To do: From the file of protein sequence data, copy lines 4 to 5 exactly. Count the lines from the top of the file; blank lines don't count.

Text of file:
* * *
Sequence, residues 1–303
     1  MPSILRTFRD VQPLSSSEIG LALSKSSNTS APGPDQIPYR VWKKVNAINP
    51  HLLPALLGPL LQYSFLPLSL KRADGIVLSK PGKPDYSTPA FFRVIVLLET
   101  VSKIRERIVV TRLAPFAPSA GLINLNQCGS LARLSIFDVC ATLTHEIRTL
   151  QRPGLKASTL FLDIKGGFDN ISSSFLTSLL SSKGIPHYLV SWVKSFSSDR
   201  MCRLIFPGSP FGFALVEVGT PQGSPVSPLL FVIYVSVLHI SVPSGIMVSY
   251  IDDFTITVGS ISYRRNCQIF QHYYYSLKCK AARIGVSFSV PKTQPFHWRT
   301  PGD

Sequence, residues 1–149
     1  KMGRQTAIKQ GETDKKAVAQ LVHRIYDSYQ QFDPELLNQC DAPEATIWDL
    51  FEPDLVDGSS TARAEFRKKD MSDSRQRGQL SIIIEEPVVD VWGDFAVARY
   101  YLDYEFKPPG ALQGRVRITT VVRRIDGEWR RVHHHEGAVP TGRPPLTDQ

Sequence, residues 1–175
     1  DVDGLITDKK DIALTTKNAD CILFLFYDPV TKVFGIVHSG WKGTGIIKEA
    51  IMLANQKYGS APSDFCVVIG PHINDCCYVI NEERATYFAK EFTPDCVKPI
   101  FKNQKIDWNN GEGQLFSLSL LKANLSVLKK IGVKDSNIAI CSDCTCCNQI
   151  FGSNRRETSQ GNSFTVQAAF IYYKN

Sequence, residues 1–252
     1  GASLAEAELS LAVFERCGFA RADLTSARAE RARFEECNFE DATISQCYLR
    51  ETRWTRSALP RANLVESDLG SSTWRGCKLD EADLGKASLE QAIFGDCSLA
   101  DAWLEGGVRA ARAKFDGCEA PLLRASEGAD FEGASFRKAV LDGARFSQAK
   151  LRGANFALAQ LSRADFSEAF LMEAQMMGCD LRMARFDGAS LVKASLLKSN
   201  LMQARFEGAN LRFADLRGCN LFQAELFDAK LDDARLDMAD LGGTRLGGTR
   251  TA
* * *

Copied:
   101  VSKIRERIVV TRLAPFAPSA GLINLNQCGS LARLSIFDVC ATLTHEIRTL
   151  QRPGLKASTL FLDIKGGFDN ISSSFLTSLL SSKGIPHYLV SWVKSFSSDR